Contrast that with someone who grew up in a middle class family, has been part of the famly business, be it a farm or sales or making something. Who went to school, took it seriously and understood how to apply what he learned academically to what he already observed in business and in relationships between people and entities. Then, found his talents and used them to make his own mark in the world.
I could have told you Obama would be abject disaster, simply by his history. Many tried. Now wer're stuck with the most incompetent president of our lifetime, during the time when we need a good one more than at any time since FDR (who was also seriously incompetent).
Sadly, I don't believe that the criteria for being electable (i.e. popular and/or good looking on TV) is the same criteria for being a good leader (i.e. making sure that you do what you know is right, and still take the peoples' will into consideration. Casting a realistic and still idealistic vision and inspiring people to follow through on it.)
I think people should have to show competence in whatever job they are given an opportunity to apply for ... elections are about raising and spending money, not about showing ability to govern.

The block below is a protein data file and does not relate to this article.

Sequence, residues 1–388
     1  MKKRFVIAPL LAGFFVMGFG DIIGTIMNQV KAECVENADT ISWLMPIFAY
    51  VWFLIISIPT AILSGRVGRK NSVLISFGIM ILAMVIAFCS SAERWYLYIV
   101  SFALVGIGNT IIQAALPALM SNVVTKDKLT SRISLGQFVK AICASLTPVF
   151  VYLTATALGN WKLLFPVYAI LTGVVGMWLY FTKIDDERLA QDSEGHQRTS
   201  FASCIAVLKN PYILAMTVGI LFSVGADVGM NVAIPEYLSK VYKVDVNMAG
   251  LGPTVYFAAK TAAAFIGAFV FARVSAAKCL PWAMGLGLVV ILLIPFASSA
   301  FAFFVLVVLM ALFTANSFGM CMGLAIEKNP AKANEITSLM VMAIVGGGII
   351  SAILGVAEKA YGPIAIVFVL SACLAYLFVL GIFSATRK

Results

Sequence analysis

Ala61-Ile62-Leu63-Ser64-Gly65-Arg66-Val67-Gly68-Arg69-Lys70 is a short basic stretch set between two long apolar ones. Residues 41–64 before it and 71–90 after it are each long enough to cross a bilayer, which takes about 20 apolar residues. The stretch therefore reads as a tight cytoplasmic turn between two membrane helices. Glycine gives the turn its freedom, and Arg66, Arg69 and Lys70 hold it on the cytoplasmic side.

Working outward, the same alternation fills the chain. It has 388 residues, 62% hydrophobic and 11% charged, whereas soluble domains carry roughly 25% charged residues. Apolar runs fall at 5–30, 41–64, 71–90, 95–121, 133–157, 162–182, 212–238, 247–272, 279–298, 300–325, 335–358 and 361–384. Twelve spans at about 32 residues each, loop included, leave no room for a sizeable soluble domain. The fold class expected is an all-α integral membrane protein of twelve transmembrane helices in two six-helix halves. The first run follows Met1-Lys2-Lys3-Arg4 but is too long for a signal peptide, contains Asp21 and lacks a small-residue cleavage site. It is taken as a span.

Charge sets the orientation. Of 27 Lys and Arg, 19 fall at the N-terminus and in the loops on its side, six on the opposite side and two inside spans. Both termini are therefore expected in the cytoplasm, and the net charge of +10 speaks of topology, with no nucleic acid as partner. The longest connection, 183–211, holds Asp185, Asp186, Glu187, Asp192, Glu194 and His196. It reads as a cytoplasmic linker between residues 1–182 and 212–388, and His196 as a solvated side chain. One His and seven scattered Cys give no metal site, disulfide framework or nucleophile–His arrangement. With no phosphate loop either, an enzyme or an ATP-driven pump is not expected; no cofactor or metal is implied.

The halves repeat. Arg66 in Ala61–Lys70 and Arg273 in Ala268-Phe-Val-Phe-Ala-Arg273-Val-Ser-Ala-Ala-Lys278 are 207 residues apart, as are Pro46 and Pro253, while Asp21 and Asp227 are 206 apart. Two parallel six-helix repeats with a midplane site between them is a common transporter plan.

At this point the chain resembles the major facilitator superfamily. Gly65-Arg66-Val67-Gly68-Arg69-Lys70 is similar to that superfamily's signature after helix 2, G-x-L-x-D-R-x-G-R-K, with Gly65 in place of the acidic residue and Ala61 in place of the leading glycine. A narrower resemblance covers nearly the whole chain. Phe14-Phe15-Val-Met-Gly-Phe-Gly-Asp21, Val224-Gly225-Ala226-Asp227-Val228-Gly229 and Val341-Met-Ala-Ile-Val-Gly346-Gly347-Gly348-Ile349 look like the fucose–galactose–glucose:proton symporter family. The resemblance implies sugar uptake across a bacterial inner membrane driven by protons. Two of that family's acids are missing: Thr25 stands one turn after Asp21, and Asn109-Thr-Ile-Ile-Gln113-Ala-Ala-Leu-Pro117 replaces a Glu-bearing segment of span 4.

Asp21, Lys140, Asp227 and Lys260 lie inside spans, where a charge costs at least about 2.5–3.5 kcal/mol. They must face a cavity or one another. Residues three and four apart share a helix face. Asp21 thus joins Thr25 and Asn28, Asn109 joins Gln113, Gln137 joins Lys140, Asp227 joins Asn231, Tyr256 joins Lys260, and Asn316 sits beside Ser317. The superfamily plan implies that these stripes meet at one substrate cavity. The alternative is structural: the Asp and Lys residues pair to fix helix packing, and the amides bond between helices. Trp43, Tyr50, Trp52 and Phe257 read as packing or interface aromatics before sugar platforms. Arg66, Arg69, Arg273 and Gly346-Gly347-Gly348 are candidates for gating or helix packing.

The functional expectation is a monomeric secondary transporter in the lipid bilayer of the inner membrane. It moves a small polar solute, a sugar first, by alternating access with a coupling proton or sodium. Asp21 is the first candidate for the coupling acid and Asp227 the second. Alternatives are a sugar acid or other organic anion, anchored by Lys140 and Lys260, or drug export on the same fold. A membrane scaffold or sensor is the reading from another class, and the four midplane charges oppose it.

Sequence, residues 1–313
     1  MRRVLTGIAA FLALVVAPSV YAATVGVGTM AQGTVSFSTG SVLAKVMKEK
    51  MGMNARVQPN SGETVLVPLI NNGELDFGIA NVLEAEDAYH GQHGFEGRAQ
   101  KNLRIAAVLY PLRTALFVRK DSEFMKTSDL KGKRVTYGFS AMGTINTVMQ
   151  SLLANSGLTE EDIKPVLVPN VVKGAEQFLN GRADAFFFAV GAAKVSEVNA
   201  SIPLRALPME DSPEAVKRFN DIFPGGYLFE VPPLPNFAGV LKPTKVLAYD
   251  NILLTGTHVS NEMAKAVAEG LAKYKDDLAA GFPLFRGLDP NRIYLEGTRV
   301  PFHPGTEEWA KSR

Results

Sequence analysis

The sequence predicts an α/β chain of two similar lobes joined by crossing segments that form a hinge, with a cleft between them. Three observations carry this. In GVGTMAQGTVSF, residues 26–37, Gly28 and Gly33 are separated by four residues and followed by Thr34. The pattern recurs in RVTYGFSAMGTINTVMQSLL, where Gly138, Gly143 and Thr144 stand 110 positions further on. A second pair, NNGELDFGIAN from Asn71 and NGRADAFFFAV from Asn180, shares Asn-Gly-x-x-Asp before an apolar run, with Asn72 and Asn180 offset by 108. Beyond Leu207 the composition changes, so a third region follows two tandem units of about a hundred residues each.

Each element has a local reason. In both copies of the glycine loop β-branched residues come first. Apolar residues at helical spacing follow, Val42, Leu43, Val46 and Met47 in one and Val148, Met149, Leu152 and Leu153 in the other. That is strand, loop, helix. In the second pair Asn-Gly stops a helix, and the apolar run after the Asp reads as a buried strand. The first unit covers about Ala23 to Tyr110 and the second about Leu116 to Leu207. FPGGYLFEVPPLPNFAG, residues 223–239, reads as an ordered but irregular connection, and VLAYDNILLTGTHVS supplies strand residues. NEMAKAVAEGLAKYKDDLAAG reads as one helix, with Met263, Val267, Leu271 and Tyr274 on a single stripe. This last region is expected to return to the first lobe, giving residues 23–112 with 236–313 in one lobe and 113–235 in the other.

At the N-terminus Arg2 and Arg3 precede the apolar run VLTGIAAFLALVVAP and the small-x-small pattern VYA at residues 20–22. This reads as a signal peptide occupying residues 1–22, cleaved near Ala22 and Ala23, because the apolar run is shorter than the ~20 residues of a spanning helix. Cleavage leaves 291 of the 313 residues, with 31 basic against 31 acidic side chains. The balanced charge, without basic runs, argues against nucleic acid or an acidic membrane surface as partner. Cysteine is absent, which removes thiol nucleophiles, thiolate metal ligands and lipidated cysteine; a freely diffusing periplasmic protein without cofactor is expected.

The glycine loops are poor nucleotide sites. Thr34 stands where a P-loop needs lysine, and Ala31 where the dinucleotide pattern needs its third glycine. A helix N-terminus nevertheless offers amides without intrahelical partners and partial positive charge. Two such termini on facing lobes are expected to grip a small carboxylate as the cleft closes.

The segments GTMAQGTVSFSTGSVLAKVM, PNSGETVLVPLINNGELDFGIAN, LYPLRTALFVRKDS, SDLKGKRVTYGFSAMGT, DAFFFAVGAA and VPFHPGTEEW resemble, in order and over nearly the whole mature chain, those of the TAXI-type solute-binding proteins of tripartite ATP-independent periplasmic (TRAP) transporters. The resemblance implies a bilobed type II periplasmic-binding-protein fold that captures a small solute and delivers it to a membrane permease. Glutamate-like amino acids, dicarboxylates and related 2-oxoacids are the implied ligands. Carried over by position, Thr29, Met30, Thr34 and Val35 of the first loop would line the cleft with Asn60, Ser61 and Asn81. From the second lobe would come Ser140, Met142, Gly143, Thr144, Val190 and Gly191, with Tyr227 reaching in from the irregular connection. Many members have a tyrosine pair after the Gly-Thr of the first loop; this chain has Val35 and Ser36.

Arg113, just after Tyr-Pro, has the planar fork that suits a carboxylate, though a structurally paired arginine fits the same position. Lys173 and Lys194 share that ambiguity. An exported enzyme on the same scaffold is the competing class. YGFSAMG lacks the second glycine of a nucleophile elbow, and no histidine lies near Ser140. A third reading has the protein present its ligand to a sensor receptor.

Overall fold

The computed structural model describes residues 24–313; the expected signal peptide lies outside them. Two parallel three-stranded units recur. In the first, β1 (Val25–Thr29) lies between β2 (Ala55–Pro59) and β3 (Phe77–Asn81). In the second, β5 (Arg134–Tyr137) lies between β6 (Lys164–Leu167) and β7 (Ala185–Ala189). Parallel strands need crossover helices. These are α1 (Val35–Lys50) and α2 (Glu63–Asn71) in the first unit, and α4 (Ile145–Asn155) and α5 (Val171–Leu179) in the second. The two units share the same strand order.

The short answer is ... it doesn't matter, because the ability to fund raise is more important than the ability to govern.
Misha -- Zinger! That was priceless! Thanks for the laugh .
BDazzler -- So basically what you are saying is what is bothering me SO much about the current CA governor election.
It's entirely possible to buy the office.
And what does it say about our values (not our "family" values but our personal values) that we rate candidates on how good looking they are on TV or their YouTube videos?
That is just so wrong on so many levels!
Thanks, guys, for answering. I think I'm gonna go back and talk about kids' breakfast cereals now. At least it doesn't make me depressed!
Well, theoretically, since these people were CEO's they at least have SOME leadership experience. (As opposed to say, Ahnold )...
So, I would say that, while yes, it's possible to buy an election (in fact, that's about the only way to get elected) at least they have SOME leadership experience at something.
What you really want to do for the CEO/Founder types is take a look at the companies and ask yourself honestly, is that the type of place I would like to work?
If the answer is yes, then, you've got a better chance at good government than you have with Conan the Barbarian.
Personally, it seems to me that Carly Fiorina should run for Governor and Meg Whitman should run for senator.
The business experience of a head of a business is more like governing and pursuing a new idea to completion is more valuable in legislation.
Since these two are presumably running on their own dime, it is unlikely that they will be as easily influenced by lobbyists. On the other hand, since they don't need anything from anybody, it is possible that they can disregard the will of the people.
Sadly, there's not a good answer.
Don't forget Fred Thompson.
My favorite old-guy actor/politician.